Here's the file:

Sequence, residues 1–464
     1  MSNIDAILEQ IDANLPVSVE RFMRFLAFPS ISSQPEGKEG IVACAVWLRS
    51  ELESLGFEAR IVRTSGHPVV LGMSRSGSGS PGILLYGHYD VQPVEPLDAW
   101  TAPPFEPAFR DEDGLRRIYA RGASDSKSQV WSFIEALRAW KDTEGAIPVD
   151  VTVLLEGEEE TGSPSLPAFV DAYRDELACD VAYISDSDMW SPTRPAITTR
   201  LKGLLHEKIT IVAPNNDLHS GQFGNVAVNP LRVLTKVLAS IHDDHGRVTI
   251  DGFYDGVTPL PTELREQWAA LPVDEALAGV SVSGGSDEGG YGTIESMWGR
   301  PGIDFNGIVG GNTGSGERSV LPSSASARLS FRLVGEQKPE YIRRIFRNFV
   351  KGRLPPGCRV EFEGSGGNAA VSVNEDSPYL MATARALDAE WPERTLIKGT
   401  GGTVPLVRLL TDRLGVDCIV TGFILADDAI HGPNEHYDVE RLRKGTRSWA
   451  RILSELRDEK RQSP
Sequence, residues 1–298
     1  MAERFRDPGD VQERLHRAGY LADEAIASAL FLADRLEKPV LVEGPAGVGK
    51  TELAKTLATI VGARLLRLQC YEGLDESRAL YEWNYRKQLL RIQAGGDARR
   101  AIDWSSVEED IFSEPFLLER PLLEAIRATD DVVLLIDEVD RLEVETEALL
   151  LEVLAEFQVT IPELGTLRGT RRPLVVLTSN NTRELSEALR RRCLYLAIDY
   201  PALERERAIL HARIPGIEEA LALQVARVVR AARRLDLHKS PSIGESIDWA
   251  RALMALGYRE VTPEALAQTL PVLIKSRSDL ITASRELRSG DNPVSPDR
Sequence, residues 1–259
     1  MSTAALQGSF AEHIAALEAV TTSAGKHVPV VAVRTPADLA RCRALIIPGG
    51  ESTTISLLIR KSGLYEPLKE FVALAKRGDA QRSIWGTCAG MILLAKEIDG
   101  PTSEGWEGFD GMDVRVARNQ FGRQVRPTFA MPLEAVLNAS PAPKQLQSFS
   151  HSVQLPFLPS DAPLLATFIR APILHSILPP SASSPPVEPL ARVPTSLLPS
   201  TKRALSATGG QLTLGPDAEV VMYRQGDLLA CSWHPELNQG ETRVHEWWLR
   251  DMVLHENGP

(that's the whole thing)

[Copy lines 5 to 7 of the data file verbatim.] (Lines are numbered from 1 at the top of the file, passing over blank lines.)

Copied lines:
   151  VTVLLEGEEE TGSPSLPAFV DAYRDELACD VAYISDSDMW SPTRPAITTR
   201  LKGLLHEKIT IVAPNNDLHS GQFGNVAVNP LRVLTKVLAS IHDDHGRVTI
   251  DGFYDGVTPL PTELREQWAA LPVDEALAGV SVSGGSDEGG YGTIESMWGR